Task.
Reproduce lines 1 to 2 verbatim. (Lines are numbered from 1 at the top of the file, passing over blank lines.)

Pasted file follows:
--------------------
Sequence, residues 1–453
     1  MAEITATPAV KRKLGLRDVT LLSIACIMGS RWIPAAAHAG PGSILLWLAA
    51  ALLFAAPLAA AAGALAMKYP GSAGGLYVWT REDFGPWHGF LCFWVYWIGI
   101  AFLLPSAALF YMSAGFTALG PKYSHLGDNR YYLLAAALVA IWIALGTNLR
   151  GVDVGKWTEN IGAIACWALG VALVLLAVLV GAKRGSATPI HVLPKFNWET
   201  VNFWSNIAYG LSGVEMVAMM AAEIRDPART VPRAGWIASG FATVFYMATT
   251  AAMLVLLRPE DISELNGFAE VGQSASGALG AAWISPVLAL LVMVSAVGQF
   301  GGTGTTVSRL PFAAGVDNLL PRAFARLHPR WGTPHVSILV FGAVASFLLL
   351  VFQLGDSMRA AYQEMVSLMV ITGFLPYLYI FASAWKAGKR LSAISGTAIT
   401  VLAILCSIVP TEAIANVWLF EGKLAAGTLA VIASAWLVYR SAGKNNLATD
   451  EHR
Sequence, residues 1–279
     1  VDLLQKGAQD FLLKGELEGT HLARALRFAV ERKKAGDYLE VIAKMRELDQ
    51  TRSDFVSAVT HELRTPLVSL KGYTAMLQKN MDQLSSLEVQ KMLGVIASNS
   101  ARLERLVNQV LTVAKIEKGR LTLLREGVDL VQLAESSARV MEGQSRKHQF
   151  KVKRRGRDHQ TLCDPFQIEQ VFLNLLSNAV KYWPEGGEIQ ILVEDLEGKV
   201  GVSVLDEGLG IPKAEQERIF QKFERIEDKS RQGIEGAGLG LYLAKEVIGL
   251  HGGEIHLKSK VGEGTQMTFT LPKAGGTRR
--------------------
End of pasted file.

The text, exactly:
Sequence, residues 1–453
     1  MAEITATPAV KRKLGLRDVT LLSIACIMGS RWIPAAAHAG PGSILLWLAA